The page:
671-D  Noneconomic damages.  (a) If the trier of fact renders a verdict for the plaintiff in a medical tort action, the court shall enter judgment of liability against each defendant healthcare provider in accordance with the percentage of negligence or other fault for compensatory damages that is attributed to the healthcare provider by the trier of fact.

     (b) Where a healthcare provider's degree of negligence is less than twenty-five per cent, then the amount recoverable against that healthcare provider for noneconomic damages shall be in direct proportion to the degree of the negligence assigned.

     (c) Judgment shall not be entered against any healthcare provider who has not been named a party or has been released, dismissed, or otherwise discharged as a party pursuant to section 663-15.5."

SECTION 3. Section 663-11, Hawaii Revised Statutes, is amended to read as follows:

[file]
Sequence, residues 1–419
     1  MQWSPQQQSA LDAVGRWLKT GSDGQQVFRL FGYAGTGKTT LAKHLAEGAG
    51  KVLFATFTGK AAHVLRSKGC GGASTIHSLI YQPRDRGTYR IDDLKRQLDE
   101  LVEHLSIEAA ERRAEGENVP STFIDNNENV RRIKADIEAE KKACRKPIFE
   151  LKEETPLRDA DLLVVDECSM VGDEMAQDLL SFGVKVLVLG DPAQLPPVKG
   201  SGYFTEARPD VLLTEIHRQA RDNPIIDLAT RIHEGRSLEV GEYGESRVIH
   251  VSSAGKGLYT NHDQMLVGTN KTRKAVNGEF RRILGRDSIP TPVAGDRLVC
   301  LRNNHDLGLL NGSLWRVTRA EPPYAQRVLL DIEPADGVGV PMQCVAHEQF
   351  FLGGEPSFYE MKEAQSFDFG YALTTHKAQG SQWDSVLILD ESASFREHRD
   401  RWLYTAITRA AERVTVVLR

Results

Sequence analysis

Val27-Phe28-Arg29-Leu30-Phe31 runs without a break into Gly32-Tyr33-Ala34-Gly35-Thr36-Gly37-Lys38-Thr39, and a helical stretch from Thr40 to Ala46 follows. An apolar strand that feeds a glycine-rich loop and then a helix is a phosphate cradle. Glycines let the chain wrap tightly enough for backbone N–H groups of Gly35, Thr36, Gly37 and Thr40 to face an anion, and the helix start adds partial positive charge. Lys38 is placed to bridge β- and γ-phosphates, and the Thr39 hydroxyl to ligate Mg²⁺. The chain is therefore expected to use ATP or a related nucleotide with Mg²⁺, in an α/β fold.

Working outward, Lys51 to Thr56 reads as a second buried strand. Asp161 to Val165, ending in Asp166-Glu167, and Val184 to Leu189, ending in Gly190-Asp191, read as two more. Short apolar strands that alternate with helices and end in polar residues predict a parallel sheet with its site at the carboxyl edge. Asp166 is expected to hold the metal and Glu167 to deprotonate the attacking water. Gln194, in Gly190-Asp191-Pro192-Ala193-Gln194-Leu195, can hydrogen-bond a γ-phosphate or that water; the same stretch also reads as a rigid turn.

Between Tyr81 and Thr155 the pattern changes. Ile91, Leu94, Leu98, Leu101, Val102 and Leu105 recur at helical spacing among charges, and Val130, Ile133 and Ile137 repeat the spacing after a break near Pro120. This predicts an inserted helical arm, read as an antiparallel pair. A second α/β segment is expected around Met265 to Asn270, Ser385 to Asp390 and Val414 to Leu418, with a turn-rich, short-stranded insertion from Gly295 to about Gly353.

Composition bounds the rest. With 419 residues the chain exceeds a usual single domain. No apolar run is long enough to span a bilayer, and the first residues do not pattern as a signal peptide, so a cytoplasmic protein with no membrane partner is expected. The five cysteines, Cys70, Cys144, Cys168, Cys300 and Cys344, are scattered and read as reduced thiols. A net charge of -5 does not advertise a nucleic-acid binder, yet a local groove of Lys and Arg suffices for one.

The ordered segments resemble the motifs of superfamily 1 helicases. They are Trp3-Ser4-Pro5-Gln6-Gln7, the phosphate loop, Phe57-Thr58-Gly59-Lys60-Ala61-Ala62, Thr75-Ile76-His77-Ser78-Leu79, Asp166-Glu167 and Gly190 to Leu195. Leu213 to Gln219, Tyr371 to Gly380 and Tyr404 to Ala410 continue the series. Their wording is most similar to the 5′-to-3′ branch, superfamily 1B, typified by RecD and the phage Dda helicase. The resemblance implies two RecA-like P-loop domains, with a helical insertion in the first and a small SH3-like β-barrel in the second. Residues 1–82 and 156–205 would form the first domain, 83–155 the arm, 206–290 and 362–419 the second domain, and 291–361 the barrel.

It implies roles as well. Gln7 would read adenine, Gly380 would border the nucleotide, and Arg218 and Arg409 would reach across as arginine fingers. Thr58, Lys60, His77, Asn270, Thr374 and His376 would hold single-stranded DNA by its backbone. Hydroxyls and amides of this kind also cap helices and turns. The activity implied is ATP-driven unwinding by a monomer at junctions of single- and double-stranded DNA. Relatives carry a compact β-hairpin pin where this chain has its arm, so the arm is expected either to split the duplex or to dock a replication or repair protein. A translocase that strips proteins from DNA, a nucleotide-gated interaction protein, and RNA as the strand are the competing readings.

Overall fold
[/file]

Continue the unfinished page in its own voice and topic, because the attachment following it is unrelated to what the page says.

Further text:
663-11  Joint tortfeasors defined.  For the purpose of this part, the term "joint tortfeasors" means two or more persons jointly or severally liable in tort for the same injury to person or property, whether or not judgment has been recovered against all or some of them[.], except as provided for healthcare providers in chapter 671."

SECTION 4. Section 671-1, Hawaii Revised Statutes, is amended by amending the definitions of "health care provider" and "medical tort" to read as follows:

"671-1  Definitions.  As used in this chapter: